BOWLING GREEN - State agriculture officials went to court this week to force a North Baltimore property owner to allow workers to cut down ash trees that either are infested with the emerald ash borer or are likely to be because of their proximity to infested trees.
Late Tuesday, Wood County Common Pleas Judge Robert Pollex issued a temporary restraining order against Joe Stefanka, who, according to the state's complaint, ordered surveyors off his property Nov. 6 and later said he might "shoot the bastards" if he saw them on his property again.
Although the judge's order prohibits Mr. Stefanka from interfering with the cutting and removal of ash trees on the property, Melissa Brewer, spokesman for the Ohio Department of Agriculture, said no cutting would be done there until the state's request for a preliminary injunction is heard Wednesday in common pleas court.
Mr. Stefanka, 80, said yesterday that he was unaware of the court action. He denied threatening to shoot anyone, but said he told them he would "shoo" anyone involved in the tree-cutting off the 19 acres he owns on the south side of the village.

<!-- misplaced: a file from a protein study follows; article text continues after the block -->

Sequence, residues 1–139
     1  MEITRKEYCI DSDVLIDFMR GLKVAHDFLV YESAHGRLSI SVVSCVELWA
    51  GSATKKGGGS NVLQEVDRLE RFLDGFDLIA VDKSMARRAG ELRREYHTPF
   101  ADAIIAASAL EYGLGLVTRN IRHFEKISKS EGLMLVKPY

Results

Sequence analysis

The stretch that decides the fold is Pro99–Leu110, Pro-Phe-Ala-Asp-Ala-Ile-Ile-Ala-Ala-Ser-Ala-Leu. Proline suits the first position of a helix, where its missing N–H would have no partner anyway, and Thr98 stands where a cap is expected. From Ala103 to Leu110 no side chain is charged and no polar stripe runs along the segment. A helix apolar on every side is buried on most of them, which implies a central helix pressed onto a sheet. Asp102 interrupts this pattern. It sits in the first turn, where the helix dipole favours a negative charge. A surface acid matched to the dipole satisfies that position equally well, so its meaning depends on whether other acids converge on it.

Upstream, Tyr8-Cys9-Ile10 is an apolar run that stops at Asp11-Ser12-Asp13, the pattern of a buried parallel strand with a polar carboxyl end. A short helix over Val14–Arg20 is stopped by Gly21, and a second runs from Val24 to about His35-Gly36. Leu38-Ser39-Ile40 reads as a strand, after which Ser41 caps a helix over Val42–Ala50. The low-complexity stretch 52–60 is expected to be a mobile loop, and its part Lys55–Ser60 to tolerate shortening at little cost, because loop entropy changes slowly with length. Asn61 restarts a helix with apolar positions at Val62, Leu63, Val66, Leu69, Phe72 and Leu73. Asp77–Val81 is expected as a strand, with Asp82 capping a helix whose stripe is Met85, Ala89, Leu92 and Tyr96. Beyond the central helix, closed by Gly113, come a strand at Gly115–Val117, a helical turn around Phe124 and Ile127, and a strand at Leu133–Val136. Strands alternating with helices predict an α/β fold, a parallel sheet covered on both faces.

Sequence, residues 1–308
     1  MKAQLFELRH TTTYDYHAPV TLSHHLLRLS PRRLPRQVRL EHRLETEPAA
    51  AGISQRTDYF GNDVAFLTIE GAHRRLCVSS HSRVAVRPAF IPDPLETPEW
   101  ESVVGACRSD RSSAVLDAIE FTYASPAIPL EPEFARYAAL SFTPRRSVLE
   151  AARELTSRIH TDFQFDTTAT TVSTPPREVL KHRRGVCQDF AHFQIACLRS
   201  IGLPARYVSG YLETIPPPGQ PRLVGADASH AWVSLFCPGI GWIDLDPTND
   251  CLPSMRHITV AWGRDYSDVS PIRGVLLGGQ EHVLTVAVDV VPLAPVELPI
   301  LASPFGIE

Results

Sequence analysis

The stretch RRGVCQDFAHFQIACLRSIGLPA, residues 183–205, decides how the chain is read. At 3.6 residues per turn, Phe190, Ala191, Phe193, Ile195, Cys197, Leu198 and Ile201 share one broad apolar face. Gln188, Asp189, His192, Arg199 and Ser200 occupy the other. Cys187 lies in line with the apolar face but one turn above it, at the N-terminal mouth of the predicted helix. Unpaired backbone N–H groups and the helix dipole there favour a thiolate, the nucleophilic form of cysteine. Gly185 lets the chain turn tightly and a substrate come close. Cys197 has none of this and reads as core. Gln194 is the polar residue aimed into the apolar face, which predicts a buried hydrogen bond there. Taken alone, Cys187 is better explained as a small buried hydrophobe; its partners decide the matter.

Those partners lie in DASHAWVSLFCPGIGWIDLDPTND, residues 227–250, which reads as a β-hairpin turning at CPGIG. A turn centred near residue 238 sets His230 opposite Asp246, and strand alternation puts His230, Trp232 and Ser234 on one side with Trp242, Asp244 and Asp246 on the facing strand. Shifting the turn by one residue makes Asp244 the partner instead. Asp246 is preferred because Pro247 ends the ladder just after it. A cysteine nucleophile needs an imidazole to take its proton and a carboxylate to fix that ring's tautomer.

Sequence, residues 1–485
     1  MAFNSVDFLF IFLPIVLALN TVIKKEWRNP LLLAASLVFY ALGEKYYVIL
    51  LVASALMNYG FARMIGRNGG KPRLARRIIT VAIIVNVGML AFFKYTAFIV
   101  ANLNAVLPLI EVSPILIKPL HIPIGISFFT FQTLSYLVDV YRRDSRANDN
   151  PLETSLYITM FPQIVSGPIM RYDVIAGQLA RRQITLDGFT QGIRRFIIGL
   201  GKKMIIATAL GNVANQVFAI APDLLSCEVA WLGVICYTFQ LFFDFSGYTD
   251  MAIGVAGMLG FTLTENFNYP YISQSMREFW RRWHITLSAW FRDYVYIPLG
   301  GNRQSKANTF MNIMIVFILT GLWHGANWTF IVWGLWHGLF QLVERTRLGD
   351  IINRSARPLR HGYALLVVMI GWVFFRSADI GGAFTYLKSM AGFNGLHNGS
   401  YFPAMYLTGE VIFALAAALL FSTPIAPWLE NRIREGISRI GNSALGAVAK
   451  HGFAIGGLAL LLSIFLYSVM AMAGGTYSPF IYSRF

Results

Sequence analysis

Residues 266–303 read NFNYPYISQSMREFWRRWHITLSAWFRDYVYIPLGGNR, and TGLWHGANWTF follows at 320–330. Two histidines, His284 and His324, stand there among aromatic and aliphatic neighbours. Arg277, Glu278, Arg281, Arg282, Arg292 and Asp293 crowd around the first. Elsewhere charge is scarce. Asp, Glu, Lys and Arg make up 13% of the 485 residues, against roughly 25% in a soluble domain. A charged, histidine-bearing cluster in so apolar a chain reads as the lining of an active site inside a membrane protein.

A rural Van Buren resident, he said he has owned the wooded property at the north end of Richardson Street in North Baltimore for about 50 years.
"I think it's all wrong myself," he said. "They're taking trees that I've had for 40 or 50 years for nothing. They're not paying me nothing."
Mr. Stefanka said he questions the state's plan for eradicating the emerald ash borer, an exotic Asian beetle that feeds on ash trees and ultimately blocks the flow of water and nutrients to the branches, causing the tree to die.
The state is cutting down about 15,000 trees in the North Baltimore area to try to prevent the pest from spreading. The project is about three-fourths completed, Ms. Brewer said.
"How are they going to say it won't spread?" Mr. Stefanka asked. "I'd rather get something to treat the bugs. They have all kind of scientists and chemical companies; why can't they come up with something to treat the bugs?"
Ms. Brewer said no property owners are happy about losing trees, but most have been understanding. This case is only the third instance in which the state has had to get a court order to go on a property and cut down ash trees. It faced similar opposition from a property owner in Perrysburg and another in Whitehouse, she said.
"The majority [of property owners] hate to lose their trees but there are so many ash trees in Ohio and in North America that most are willing to sacrifice that tree," Ms. Brewer said. "The majority of the public has just been great."
In some cases, the state has allowed property owners to burn the wood from the trees for firewood or has permitted them to bring in a portable sawmill to cut the noninfested portion of the wood into boards, Ms. Brewer said.
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